Party Wall Notices

A party wall notice is the written intent that you must give any Adjoining Owners (any neighbours that you share a wall or boundary with) to inform them of work that you plan on undertaking to a shared party wall, boundary, or nearby excavation. You must provide this notice to Adjoining Owners for a whole host of building works. This potentially includes rear extensions, loft conversions, damp proof course, any excavations for foundations, and removal of chimney breasts, amongst a variety of other works.

Below we’ll cover everything you need to know about serving a party wall notice.

How do you serve a party wall notice?

A Party Wall Notice can be served by the building owner (the owner of the building/plot intending to undertake construction work) if they feel confident that they have captured all the information a Party Wall Notice requires. There are considerations for when the notice is served, what’s included in each notice and which type of notice you give.

Failure to provide the correct notice will mean that there is a longer delay between when you serve notice and reaching an agreement with Adjoining Owners which allows you to start work. It is also worth noting that if an agreement is reached but later discovered to have been falsely served, or not to contain all information required, the agreement can be void and legal action taken. We advise therefore that it’s prudent to appoint an experienced party wall surveyor on your behalf.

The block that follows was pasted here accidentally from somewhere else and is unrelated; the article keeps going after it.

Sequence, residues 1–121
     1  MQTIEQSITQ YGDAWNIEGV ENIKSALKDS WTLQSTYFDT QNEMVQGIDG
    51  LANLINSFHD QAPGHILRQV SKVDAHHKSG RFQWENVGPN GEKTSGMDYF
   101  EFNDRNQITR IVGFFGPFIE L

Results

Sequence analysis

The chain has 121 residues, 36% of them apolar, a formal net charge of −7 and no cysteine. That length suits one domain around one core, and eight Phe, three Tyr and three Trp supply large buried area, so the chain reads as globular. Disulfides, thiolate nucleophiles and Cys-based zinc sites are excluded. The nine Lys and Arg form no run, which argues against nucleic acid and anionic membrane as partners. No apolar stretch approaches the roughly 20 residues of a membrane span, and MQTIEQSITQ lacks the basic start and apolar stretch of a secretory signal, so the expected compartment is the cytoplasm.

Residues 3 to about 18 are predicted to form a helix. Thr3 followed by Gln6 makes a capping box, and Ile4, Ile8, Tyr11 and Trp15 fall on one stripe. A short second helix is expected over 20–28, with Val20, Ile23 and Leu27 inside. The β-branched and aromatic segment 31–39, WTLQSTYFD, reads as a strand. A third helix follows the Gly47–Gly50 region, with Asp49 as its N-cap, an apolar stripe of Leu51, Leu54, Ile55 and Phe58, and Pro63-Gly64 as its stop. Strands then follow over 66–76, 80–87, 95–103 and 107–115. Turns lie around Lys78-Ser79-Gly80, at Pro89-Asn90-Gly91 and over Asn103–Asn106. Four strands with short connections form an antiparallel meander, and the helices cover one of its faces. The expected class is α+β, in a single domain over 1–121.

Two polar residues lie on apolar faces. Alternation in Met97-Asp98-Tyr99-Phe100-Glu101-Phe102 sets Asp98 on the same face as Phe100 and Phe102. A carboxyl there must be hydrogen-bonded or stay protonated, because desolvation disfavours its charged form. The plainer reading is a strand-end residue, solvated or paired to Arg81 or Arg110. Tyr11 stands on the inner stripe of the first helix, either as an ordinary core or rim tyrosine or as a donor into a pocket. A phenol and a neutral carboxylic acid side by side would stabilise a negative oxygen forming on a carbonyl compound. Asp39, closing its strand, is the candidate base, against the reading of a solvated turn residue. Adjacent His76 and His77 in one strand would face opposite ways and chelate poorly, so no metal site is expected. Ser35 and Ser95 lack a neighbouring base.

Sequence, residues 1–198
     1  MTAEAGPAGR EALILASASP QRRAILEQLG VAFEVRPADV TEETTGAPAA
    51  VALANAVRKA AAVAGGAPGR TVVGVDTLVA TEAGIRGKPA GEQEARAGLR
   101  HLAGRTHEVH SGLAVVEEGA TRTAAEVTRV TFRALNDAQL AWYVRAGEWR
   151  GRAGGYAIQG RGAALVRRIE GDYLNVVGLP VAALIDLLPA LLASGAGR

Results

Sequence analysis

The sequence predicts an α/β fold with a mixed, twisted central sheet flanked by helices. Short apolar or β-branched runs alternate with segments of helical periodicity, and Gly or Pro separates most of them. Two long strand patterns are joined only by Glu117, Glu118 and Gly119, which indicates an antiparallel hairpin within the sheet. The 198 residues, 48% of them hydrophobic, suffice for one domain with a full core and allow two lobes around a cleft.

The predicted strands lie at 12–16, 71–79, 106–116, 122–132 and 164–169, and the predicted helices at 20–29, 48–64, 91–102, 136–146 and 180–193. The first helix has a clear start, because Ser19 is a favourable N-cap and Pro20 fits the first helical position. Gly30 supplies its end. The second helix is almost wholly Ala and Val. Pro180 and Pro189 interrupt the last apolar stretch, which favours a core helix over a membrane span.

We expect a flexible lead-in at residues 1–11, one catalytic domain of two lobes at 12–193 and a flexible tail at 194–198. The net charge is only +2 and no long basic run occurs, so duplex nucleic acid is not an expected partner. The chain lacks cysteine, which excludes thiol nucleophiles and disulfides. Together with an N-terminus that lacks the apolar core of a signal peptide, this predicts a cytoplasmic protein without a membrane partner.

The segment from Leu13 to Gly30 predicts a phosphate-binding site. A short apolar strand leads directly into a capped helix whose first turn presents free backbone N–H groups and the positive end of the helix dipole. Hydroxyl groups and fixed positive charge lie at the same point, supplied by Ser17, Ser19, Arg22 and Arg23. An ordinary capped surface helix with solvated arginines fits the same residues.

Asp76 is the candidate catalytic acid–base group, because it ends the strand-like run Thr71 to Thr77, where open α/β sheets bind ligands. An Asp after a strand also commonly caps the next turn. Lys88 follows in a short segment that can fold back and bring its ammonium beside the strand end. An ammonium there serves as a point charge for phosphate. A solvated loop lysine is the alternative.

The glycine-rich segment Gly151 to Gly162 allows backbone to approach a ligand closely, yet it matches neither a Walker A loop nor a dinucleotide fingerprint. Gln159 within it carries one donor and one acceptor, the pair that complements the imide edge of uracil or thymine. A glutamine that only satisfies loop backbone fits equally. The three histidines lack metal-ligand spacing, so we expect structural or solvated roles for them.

When does a party wall notice need to be served?

It’s advisory that a party wall notice should be served at least 2 months before the date that you intend to begin any work. Section 1 Line of Junction Notice and Section 6 Adjacent Excavation Notice usually require 1 month notice while Section 3 Party Structure Notice requires 2 months notice. To make sure you give Adjacent Owners to make enquiries without dissenting, we advise giving as much notice as feasbily possible.

Don’t forget: Your party wall notice needs to be served to all Adjacent Owners, whether they’re freehold or leasehold, as defined in the Party Wall Act 1996.

Giving as much notice as possible can also be wise to give you time to make arrangements for tradespeople without needing to cancel them on short notice, which could incur a fee.

What must a party wall notice include?

As mentioned, an invalid party wall notice can delay your work. This can be because you’ve served the wrong type of notice but it could also be because the notice doesn’t include all the necessary details. The general contents of a party wall notice should outline what work is to be done so as your Adjacent Owner understands what they’re responding to, and you need to describe how it may affect their property, whether this is a building or a boundary.

Top tip: Be thorough in your description of the work. A description that’s too broad (perhaps to entice the Adjacent Owner to assent!) will invalidate the notice if challenged in court.

All party wall notices must include:

  • Name and address of the building owner/s (all must be named)